We seem to have it all.
Modern conveniences abound, and technology is ubiquitous with life. Over the past 150 years, the human race has advanced to the point where we‘re on the brink of widespread automation of societal systems and daily work. Intelligent machines are already here, and soon, some suggest by 2035, artificial intelligence will carry out many of our traditional working roles in a broad spectrum of industries.
It’s coming fast, and it will change everything. Human beings as workforce commodities, it seems, are to become defunct shortly.
So with machines doing the work, you and I will need to find something else to occupy our days. But given our sense of value and personal worth is caught up in the idea that we must work hard and be productive, something dramatic will need to shift in us.
Currently, we gauge our sense of worthiness on our ability to work within the machine of society. Those who do not work we see as useless and almost less than human. They don’t deserve beautiful things or the luxury of a safe, warm place to live. They are not allowed the best of medical care. We have enough food and resources on the planet to support everyone to a very high standard, but we don’t. You don’t work; you don’t get. This situation exists in all western industrialised nations to varying degrees.
So when the day comes that machines are doing the majority of the work, where does that leave us?
What will we do to deserve a reasonable lifestyle?
Who will decide what that lifestyle looks like and who qualifies?
How, then, will we fill our days?
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I don’t have an answer to these questions, but there seem to be solutions available if we are brave and intelligent enough to execute them. However, I don’t believe that we human beings, in our current psychological state, are capable of embracing the level of change necessary to reverse the momentum. We are, en masse, too easily fooled, too easily duped.
The reason I believe so is that survival-of-the-fittest is the ruling state of mind of western industrialised society. It is subtle, hidden within the fabric of normality, going unnoticed most of the time. It is the capitalist model for life and work, and if you care to take the time, you will see it’s clear. It’s like death by a thousand cuts, every cut taking a little piece of our humanity.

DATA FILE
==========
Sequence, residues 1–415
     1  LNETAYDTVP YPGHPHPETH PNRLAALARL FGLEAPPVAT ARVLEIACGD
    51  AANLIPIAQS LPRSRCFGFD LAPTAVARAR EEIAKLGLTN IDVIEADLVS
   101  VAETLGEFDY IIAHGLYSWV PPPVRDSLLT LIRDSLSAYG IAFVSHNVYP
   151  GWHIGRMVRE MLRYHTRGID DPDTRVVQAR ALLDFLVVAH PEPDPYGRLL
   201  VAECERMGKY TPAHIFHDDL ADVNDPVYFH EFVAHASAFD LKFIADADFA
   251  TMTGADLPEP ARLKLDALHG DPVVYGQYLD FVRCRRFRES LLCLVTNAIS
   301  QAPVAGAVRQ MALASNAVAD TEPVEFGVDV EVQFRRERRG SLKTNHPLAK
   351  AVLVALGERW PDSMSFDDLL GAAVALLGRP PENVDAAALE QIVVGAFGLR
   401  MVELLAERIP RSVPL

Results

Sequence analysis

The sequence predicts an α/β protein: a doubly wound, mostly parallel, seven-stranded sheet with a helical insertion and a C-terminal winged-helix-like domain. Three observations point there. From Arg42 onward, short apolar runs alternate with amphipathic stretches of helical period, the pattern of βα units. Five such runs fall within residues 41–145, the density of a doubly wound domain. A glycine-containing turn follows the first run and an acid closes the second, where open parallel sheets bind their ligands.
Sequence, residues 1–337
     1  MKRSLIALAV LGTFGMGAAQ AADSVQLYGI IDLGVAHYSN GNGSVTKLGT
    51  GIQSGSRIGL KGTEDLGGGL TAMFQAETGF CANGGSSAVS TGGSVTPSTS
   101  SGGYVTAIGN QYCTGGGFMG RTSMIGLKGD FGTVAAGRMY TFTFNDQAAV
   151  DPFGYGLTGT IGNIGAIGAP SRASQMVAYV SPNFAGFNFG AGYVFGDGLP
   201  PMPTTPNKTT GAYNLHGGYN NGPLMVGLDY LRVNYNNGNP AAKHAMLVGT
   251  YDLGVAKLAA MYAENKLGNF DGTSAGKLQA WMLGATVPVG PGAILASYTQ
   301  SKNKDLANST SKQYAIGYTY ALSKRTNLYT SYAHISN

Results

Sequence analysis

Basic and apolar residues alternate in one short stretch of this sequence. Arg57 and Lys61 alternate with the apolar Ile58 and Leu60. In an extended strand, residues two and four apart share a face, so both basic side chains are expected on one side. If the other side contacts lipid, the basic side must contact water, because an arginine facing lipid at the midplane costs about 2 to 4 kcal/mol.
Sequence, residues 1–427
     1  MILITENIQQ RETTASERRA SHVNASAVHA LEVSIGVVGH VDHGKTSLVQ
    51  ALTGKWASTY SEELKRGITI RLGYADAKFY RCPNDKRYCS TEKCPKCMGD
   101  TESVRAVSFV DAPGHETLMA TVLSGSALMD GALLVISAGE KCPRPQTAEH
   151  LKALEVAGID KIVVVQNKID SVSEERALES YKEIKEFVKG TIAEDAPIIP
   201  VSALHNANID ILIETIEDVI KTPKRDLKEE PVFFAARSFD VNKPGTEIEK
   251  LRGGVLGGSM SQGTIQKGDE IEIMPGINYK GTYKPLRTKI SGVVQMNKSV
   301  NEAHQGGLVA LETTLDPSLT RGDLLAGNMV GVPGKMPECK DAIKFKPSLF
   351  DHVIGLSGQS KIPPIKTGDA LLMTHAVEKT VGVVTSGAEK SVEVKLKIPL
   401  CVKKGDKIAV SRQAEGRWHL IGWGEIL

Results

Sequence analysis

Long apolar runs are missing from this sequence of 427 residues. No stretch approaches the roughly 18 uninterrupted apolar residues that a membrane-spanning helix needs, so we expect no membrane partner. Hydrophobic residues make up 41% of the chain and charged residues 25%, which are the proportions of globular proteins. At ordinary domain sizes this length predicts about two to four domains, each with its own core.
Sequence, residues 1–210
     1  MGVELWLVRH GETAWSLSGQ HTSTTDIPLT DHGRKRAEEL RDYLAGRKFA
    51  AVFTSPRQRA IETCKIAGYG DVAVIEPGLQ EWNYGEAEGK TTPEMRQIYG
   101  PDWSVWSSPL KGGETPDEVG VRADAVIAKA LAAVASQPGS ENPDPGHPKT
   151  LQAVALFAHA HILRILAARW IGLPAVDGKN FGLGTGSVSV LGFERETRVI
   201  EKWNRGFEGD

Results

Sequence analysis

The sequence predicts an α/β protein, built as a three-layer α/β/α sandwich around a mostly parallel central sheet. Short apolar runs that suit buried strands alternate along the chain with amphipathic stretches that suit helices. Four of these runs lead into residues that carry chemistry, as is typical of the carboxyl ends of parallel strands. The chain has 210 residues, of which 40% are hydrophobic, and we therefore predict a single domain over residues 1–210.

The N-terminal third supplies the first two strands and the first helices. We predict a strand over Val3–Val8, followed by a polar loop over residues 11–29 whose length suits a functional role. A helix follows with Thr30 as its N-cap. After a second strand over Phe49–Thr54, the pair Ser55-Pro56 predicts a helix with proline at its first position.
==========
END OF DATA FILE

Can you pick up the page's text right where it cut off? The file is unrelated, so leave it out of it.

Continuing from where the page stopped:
We pretend to care about others, but we are so obsessed with getting through today, with preserving our sense of self and getting ahead, we have no thought for others. Unless someone puts the blood on the table, it’s business as usual, and sometimes, even that’s not quite enough.
The idea that we must compete to survive has been developed and promoted by people we consider the most reliable and trustworthy in society. Those who have successfully exploited people and resources for personal and corporate gain are the ones we admire most. These corporate entities create the illusion of an open market manipulating shallow-minded, short-sighted politicians, and engineering the consent of populations.
The commercially and financially powerful reflect on their material success and suggest that they succeeded because they beat the competition. You and I can achieve the same success if we work hard. They say that competition aids innovation and provides the best model for success for all. Promoters of the competitive capitalist model say it provides jobs and wealth for everyone if we are willing to work hard for it.
But it doesn’t work that way. This notion that we must compete and defeat those weaker than us for the spoils is limited, parochial and ultimately self-destructive. It allows us to justify all kinds of horrific and inhumane behaviour.
One of the saddest lessons of history is this: If we’ve been bamboozled long enough, we tend to reject any evidence of the bamboozle. We’re no longer interested in finding out the truth. The bamboozle has captured us. It’s simply too painful to acknowledge, even to ourselves, that we’ve been taken. Once you give a charlatan power over you, you almost never get it back.Carl Sagan | Physicist